Virtually every country in the world is experiencing growth in the size and proportion of older persons in their population. There were 703 million persons aged 65 or over in the world in 2019. The number of older persons is projected to double to 1.5 billion by 2050. In the macro context, population aging is a human success story on all levels—we’ve overcome the many conditions, injuries, diseases, etc. responsible for early deaths and limited human life spans across history. At the individual level, this time in life may feel like a time of endings for some people, but it does not have to be. Science is showing that the more active people are physically, emotionally and spiritually, the more this time of life can be full of wonder, joy and independence.
With that in mind, there are four factors related to aging well: maintaining physical function, cognitive function, stress reduction and mental health, and continued involvement in social and spiritual activities. Let’s take a deeper look.
Maintaining Physical Function
When we think of aging, especially for women, we think bone health, risk of falls and prevention of disease. Osteoporosis is often considered a silent disease because, just like high blood pressure, it has no initial symptoms. In the U.S., 25% of women over 65 have osteoporosis. With osteoporosis, the bone breaks down faster than it can build, the structure weakens and the individual is left with an increased risk of fracture. The most common areas of fracture are often the hip or the wrist.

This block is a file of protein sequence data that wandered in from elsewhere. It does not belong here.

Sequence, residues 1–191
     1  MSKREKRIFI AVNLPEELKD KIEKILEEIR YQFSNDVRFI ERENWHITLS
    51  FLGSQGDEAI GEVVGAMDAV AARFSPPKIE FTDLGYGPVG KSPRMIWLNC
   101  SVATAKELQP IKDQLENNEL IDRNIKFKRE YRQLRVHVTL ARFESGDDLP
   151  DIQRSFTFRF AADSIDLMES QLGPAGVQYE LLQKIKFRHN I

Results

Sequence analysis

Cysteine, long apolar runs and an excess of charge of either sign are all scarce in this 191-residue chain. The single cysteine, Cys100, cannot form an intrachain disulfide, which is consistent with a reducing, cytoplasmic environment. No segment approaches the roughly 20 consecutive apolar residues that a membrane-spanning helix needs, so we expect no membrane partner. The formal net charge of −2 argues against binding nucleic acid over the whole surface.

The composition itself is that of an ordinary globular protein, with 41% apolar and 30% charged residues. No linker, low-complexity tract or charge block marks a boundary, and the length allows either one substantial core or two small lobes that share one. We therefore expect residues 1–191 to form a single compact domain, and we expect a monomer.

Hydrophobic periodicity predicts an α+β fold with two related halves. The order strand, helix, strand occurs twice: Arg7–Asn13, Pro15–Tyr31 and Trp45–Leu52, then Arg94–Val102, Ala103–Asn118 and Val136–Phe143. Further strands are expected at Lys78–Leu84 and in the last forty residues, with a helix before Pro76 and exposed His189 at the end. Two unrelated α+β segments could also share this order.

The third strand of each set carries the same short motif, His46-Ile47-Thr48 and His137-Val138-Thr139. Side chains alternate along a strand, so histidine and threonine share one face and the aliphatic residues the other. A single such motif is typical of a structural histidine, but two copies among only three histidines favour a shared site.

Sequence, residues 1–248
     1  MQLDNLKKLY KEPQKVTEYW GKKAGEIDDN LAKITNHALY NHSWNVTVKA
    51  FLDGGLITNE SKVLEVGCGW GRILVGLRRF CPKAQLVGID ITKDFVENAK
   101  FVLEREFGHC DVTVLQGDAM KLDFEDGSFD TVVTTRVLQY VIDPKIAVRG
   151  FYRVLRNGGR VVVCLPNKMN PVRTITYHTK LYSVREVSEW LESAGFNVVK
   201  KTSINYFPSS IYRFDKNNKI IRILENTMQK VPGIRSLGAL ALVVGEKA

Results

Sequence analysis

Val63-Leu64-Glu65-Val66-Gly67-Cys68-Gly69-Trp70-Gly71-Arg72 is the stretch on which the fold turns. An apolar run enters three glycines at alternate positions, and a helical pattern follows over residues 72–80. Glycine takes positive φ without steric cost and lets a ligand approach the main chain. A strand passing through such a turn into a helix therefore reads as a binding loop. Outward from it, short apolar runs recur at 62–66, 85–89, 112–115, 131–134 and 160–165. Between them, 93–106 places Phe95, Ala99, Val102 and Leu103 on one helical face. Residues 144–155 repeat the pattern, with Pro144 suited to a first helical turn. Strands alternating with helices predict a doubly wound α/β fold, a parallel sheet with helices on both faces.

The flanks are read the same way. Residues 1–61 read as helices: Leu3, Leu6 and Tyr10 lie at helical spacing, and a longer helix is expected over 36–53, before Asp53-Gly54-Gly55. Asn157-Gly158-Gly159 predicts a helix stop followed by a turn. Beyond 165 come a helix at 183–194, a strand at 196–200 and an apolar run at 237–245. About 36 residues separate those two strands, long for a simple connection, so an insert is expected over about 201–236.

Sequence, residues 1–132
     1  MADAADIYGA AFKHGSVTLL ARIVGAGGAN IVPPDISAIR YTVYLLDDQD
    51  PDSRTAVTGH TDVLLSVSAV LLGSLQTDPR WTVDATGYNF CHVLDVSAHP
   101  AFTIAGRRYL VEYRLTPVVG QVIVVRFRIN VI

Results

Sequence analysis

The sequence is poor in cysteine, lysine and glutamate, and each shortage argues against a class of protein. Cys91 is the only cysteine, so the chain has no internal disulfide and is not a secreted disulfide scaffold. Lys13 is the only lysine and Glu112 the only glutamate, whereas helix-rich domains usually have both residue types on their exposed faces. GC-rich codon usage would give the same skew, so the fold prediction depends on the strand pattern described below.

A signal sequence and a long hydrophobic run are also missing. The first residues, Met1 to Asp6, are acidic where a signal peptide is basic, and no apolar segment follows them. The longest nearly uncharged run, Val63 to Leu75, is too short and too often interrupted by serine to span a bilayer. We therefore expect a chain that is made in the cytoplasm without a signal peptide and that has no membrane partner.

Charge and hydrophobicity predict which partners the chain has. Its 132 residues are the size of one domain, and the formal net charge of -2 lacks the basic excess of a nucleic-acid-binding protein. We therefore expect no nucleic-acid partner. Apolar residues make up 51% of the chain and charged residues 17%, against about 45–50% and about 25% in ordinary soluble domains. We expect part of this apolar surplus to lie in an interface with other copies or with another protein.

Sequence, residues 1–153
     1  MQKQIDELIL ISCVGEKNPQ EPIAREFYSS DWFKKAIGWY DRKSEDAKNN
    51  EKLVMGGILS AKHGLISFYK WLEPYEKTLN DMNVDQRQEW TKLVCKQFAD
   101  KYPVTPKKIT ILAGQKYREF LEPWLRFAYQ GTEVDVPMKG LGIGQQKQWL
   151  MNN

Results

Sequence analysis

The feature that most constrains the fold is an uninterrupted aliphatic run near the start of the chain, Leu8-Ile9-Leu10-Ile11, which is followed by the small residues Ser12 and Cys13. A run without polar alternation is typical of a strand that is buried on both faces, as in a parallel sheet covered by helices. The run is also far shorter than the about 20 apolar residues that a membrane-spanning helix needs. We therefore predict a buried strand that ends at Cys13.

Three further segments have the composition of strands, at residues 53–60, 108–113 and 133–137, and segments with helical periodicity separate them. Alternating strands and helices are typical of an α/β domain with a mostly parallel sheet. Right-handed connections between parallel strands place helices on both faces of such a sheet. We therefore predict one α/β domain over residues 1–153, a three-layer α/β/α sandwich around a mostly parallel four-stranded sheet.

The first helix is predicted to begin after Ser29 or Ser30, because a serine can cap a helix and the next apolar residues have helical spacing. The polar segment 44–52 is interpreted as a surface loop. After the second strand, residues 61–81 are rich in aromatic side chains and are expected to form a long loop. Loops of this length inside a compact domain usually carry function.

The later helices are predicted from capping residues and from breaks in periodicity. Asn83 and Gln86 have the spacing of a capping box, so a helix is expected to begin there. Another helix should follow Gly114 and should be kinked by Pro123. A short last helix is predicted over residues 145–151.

Unfortunately, walking for physical activity does not strengthen the bones. Like muscles, bones need to be challenged to grow and strengthen. Strengthening exercises can include weight-bearing or resistance training, which forces the body to work against gravity. Eating for bone health is also beneficial, and should include calcium and vitamin D.
Julie Bach, executive director of Wellness for Cancer, is a thought leader within the spa and wellness industry and has spent 20 years as a cancer advocate to facilitate greater access to integrative wellness modalities. She was named Leading Woman in Wellness at the Global Wellness Summit in 2017 for her dedication to creating a more inclusive well world. Bach is a yoga therapist, health coach and Heartmath Resiliency trainer.